3. Start now to provide fiscal transparency and more accountability to parishioners

Priests might consider entering into parish-parishioner partnerships in which all parishioners receive monthly expense reports to see how their money is being spent. Parishioners might also assume some decision-making responsibility. In academia, those of us with grant money turned in detailed line item reports on a quarterly basis. In this way, we saw how it was possible to trim budgets with enough dollars saved to provide seed funding for young researchers. The churches can use this model. 

4. Expect all priests to work directly with the poor

In many cities today there is a disproportionate share of parishes in poor neighborhoods. All priests should be expected to rotate throughout communities to serve at soup kitchens and shelters. Poverty rates surge in American suburbs according to PBS on Jan. 13, 2014.

5. Create "priest grades" similar to physician “health grades” or professor ratings

A well-defined short questionnaire can be administered twice yearly with simple “Yes” or “No” answers to enable decision makers to reach out to priests in need of treatment for alcoholism, anger management, clinical depression, drug abuse, sexual inappropriateness, and stress to name a few.

Because so many bishops were implicated in the sexual abuse coverups, perhaps lay people might serve on clergy evaluation boards. It becomes a win-win. Parishioners are protected and priests receive help for problems that create duplicity.

6. Adopt sister parishes while waiting for church consolidation

All wealthy parishes might take responsibility for a poorer sister parish so that weekly collections are shared more equitably.

In fact, all parishes might consider taking a page from the works of the downtown community, The Paulist Center Boston. They donate five percent of their total fiscal year week-end collection to groups in need. The Center, at which Patty Simpson is administrator, is devoted to inclusiveness, healing, reconciliation, and outreach.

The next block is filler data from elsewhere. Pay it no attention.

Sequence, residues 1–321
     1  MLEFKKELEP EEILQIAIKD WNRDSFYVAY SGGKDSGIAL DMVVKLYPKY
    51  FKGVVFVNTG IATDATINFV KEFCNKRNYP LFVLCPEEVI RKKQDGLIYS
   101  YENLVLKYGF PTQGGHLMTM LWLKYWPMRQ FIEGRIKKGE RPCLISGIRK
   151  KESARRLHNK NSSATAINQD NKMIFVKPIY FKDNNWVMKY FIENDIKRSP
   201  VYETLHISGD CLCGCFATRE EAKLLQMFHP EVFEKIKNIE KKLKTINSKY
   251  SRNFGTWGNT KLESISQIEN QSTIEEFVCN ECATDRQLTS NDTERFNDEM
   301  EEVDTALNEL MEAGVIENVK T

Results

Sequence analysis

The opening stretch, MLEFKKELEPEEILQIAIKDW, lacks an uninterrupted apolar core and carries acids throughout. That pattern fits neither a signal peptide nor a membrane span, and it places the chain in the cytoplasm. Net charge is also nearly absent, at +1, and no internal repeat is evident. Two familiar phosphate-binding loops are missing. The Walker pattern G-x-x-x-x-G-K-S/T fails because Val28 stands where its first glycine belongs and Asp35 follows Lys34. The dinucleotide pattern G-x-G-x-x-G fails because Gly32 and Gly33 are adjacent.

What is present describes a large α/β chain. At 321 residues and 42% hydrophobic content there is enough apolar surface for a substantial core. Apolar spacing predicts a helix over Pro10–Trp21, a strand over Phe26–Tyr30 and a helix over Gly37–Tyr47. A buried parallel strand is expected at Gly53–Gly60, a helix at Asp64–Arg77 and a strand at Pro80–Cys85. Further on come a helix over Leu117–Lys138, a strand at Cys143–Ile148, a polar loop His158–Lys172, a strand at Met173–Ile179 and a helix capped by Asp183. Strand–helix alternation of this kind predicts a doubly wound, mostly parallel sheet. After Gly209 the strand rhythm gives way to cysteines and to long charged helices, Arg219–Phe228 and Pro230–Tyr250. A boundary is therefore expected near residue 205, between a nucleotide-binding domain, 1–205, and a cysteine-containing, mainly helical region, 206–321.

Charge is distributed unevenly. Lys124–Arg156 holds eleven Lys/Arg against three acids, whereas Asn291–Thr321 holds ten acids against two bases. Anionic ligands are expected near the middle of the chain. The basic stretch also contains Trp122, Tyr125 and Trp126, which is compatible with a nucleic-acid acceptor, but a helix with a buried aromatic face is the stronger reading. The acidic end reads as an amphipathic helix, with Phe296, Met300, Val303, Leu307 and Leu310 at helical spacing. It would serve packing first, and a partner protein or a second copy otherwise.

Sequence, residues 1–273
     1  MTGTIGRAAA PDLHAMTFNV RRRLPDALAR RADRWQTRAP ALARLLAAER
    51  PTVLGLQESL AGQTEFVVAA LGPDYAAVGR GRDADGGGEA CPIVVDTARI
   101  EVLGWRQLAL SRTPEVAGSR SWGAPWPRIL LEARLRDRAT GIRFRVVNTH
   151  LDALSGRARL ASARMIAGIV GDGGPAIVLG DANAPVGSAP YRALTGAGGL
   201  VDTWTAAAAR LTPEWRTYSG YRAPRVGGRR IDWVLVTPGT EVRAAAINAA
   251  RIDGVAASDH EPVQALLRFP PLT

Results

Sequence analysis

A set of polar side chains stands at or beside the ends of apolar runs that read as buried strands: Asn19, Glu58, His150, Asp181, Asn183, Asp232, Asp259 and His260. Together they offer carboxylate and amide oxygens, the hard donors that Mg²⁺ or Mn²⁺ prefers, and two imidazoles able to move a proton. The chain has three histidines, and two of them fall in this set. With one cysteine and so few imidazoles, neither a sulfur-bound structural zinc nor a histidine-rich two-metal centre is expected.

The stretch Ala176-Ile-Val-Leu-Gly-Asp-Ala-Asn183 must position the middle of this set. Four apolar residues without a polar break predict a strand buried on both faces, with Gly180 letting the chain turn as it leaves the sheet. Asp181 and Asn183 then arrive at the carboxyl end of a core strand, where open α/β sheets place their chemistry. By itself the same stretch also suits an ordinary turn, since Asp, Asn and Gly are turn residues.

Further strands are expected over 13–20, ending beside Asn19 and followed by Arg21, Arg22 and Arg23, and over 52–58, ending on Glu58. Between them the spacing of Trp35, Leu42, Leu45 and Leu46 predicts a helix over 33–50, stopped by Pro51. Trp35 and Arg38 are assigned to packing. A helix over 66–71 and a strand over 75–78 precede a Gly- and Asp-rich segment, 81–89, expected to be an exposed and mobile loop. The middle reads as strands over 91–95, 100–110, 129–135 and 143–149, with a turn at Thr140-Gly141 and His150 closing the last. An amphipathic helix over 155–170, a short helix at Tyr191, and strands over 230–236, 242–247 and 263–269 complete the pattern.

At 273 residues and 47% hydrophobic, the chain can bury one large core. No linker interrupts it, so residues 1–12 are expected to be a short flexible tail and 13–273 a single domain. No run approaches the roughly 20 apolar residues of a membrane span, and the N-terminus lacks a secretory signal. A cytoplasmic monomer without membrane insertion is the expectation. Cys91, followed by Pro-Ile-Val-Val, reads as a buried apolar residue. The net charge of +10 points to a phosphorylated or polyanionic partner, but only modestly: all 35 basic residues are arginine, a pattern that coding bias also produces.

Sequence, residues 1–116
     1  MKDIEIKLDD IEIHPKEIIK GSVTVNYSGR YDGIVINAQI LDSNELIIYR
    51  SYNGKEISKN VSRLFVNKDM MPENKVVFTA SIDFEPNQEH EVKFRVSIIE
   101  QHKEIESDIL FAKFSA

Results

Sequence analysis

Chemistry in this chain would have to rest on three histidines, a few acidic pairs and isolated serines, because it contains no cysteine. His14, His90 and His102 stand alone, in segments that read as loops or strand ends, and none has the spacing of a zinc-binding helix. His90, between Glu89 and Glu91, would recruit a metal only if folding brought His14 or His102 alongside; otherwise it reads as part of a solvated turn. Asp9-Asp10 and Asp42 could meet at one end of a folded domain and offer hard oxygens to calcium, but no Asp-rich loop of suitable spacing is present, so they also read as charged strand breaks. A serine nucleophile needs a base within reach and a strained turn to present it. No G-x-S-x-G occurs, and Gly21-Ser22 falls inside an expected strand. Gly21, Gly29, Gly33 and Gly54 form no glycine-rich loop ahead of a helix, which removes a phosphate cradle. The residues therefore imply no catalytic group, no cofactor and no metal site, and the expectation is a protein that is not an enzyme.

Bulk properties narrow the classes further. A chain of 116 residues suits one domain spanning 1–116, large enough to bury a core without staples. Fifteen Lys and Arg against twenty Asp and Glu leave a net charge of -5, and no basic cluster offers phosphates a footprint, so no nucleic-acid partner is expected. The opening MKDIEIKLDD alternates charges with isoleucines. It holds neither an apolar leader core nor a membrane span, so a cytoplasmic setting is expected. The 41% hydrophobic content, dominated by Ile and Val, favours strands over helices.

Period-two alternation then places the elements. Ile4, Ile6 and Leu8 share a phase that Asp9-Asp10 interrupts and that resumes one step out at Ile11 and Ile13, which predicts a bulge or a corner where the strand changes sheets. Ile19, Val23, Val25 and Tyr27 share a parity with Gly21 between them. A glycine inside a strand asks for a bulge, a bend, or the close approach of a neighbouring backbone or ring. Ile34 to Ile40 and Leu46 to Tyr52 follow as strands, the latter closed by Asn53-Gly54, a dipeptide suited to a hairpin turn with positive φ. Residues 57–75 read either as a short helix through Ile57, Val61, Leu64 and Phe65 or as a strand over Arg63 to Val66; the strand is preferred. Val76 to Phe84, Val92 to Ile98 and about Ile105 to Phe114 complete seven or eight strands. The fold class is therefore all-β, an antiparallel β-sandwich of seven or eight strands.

7. Elevate the role of women in the church

Although Pope Francis urges women to take a greater role in the church, he falls short of talking of women as priests. And while more women deacons should be encouraged, many priests are micro managers who feel threatened by strong women as we saw with the Nuns on Bus controversy.

Nearly two-thirds of Catholics (64%) say that priests should be allowed to get married, and six-in-ten (59%) endorse the idea of allowing women to become priests. Pew 

Jesuit magazine and The Colbert Report

Father James Martin, S.J., editor of America, who wrote the foreward to “A Big Heart Open to God: A Conversation with Pope Francis” talked with Stephen Colbert recently. America was founded by the Jesuits in 1909 and is still published today. He stands by the Pope’s words on caring for the poor. 

The two discussed the fact that the Home Depot co-founder threatened to pull his donation from the $1.8 billion restoration fund at St. Patrick’s Cathedral in New York City. It seems that billionaire Ken Langone is not happy with the Pope’s emphasis on economic justice. Income Inequality Debate - Jim Martin - The Colbert Report - 2014.

Walking the talk

Despite my years in the Ivy Tower of academia we had a first hand lesson in walking the talk. Our section chief in psychiatry unplugged all coffee makers in our foundation office one day.  Never mind that we were directors and policy makers for the chemically dependent and only a few worked directly in the programs. His words to us: 

“If you don’t know what withdrawal feels like, how can you understand an addict in need of a fix?   

If you never served in a soup kitchen, how do you know the faces of hunger?”

Jittery, angry, and shaking by the end of the day we high-tailed it to the soup kitchens and signed on the dotted line. It was there that we met many of those in the population we served.

More dialogue and fewer car keys

Priests will not be rushing to form conferences to discuss any changes here. It is up to the people. Perhaps it is time for the VOICE OF THE FAITHFUL | Keep the Faith, Change the Church to add to its mission – a return to the church of the disciples and elimination of layers of egos.

These thoughts are for the purpose of starting a dialogue, one that is vital because we a losing the next generation -- denying them the opportunity to feel spirituality loved.

For those priests wishing to make a simple, but immediate statement – and follow in the footsteps of Pope Francis – here is thought. Why not trade in the keys to those shiny black wheels for bus passes or invest in a pair of sneakers designed for walking?  

Have you read these?

Copyright 2014 Rita Watson

 

Rita Watson, MPH, is an Associate Fellow at Yale's Ezra Stiles College and a columnist for The Providence Journal.